(CBS Local) - Building Lego's scale Bugatti Chiron model will likely take you some time, but its long build time pales in comparison to how long it took Lego to build a fully functioning, full-size Bugatti Chiron.
Yes, you read that correctly, and your eyes are not deceiving you. This is a 1:1-scale Bugatti Chiron built from Lego's standard pieces with a few special bits in there to ensure functionality. Lego's team took over 13,000 work hours to put the car's 1-million-plus pieces into place, and the result is a car that actually drove under its own power. Imagine the price tag on that one.
In total, the full-size Lego Chiron relies on 339 different kinds of Lego pieces, connected entirely by traditional Lego methods, meaning no glue was used. Some pieces are custom, only because Lego didn't produce the right kinds of pieces in the right colors for this project.
Lego started with a steel frame, which it deemed necessary based on the estimated final weight of the product. The steel frame connects to axles and parts that help affix Bugatti's wheels to the real Chiron. The brake system is borrowed from a go-kart, and the power steering system comes from an all-terrain vehicle, both of which are also attached to the frame. There's also a steel roll cage for added safety, and the chassis has four real lift points that can be used to put the car in the air. There's no suspension system because of space and complexity constraints.
On top of that frame, Lego used a variety of Technic frame pieces to create an inner structure that could support all the exterior body panels.
After laying out the shape of the car using a basic skeleton, Lego's team used a bunch of triangular segments to form the vehicle's body panels. It relied on a special fabric to mimic the car's exposed carbon-fiber bits. The front grille looks pretty darn close to original, thanks to Lego's propeller-hub pieces.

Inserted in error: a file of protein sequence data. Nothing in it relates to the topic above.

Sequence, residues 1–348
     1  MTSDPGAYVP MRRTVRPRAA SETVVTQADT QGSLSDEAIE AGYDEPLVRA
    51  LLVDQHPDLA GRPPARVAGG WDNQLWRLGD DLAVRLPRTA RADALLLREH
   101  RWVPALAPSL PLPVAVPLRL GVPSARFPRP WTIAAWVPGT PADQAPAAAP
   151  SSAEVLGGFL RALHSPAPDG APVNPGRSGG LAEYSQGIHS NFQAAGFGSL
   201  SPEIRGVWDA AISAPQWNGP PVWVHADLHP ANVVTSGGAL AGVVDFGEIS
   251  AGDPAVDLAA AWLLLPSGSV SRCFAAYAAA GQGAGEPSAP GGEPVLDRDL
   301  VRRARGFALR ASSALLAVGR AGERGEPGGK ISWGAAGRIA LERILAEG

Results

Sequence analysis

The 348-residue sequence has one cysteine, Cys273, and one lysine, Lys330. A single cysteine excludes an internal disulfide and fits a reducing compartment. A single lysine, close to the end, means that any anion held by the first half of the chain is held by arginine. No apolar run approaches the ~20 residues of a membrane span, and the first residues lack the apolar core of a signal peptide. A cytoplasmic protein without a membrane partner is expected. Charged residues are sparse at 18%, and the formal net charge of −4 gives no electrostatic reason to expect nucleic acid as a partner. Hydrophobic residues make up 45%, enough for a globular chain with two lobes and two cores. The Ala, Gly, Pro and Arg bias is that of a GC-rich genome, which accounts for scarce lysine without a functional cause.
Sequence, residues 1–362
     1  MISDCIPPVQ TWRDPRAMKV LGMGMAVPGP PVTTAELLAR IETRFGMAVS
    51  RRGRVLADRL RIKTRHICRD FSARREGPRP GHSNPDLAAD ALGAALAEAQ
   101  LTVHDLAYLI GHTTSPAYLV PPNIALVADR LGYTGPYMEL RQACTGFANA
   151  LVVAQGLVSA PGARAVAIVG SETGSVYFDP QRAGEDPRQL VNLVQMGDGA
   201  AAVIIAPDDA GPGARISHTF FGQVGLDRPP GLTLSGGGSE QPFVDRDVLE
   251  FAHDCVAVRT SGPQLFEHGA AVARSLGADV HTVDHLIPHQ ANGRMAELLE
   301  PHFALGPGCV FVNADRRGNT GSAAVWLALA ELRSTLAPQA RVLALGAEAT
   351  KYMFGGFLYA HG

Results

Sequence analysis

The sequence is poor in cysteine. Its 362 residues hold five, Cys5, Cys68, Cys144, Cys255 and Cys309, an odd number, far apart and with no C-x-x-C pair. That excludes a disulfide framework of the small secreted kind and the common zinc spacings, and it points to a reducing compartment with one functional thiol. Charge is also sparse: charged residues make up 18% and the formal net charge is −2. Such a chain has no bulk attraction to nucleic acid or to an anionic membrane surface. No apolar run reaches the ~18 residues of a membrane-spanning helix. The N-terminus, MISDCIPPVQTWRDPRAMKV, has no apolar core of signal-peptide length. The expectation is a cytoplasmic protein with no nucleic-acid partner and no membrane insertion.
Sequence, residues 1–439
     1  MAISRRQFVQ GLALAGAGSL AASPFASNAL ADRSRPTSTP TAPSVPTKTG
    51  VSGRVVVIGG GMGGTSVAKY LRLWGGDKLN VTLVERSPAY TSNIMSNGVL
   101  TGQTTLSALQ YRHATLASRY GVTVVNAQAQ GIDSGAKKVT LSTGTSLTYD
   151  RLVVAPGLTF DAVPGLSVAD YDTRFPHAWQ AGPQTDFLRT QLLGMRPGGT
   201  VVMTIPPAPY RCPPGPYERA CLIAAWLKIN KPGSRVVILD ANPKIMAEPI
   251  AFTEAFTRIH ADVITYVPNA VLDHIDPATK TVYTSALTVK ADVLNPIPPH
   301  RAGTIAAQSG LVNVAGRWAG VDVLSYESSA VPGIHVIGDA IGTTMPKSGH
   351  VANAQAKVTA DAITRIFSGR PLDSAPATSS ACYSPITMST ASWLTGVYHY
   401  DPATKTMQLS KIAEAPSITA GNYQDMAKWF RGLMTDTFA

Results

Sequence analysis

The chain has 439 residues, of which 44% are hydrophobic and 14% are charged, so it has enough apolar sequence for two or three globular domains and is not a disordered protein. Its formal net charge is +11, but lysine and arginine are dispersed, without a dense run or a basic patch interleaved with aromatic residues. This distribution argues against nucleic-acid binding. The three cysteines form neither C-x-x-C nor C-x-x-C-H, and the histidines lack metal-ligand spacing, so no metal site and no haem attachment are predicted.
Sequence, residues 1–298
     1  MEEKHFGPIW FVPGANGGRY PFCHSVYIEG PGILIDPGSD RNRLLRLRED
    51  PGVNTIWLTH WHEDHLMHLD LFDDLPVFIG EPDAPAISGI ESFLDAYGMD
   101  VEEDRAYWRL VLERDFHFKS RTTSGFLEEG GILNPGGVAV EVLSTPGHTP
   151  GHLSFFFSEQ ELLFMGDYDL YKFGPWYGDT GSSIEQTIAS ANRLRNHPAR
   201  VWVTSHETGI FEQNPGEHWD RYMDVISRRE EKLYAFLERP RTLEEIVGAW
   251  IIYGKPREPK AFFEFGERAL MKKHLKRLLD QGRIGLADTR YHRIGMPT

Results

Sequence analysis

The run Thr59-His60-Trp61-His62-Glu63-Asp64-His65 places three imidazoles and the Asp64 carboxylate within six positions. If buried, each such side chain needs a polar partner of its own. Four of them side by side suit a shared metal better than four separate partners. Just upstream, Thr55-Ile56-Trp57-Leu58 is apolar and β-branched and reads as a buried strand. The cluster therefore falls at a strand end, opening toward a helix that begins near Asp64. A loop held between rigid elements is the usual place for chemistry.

Active aero outside, Lego gauges inside
Some of Lego's more advanced offerings rely on pneumatics to move various parts, and the life-size Bugatti Chiron is no exception. The rear spoiler is pneumatically powered, moving out and tilting thanks to 4 extra-large Lego motors powering two compressors comprised of four Lego Technic pneumatic pumps each. It took 15 meters of silicone tubing to hook the whole system together, and it maintains about 40 psi of pressure, which the driver can monitor via a pressure meter built into the car's instrument cluster.
While much of the full-size Chiron is permanently fixed in place, some pieces can be removed. Lego can take off the hood, trunk and rear fenders for maintenance. And, since the vehicle is functional, the doors obviously work, too. The pieces can be locked in place for extra security while the car moves under its own power.
The interior has seating for both a driver and passenger. The car's speed is based on its motors' output voltage, so while there's no gas pedal, there is a brake to bring the thing to a stop. Even though it doesn't go very fast, it does have real seat belts, which are connected to the roll cage.
There are a number of non-functional elements inside, including the gear lever, shift paddles and turn signals. That said, a surprising amount of the interior is functional, including the instrument panel, which sports custom gauges made of - you guessed it - more Lego pieces. The steering wheel is removable, and it relies on an actual steering wheel connector since it's functional. The rear view mirror is also fully functional.
Electricity, and a lot of it
The real Chiron might have a 16-cylinder engine, and there might be a representation in the full-size Lego model, but actual forward motion comes from a whole boatload of electric motors - Lego Power Functions L-Motors, to be precise.
The rear axle gets motive force from 24 motor packs, each of which contains 96 L-Motors, which means the system contains 2,304 separate motors. With the exception of some Teflon washers that serve as bushings, the motor pack is almost entirely derived from Lego pieces. 4,032 Lego gear wheels help transfer the power in each motor pack - and remember, there are 24 such packs.
All that electric power runs to a steel chain, which connects to the driveshaft that actually turns the rear wheels. Thankfully, if one motor block has an issue, it's modular, so it can be swapped out for another.
Lego didn't just shove a bunch of AA batteries into the car to get those motors moving. Instead, there's a single 80-volt, 200-amp battery that provides electricity for the whole car. There's also a second 12-volt car battery used just for the power steering system.
The 80-volt battery also powers the lights. A press of the brake pedal will cause the brake lights to illuminate while the spoiler moves to its braking position. The Lego model also features the same startup sequence as the original car, because attention to detail never hurts.
At full clip, Lego estimates a top speed of about 19 mph, which is pretty good for a 3,300-pound hunk of plastic and steel running on air and electricity. Former Le Mans winner Andy Wallace took the model up to about 12 mph, using the most of the model's 5.3 horsepower and 68 pound-feet of torque.
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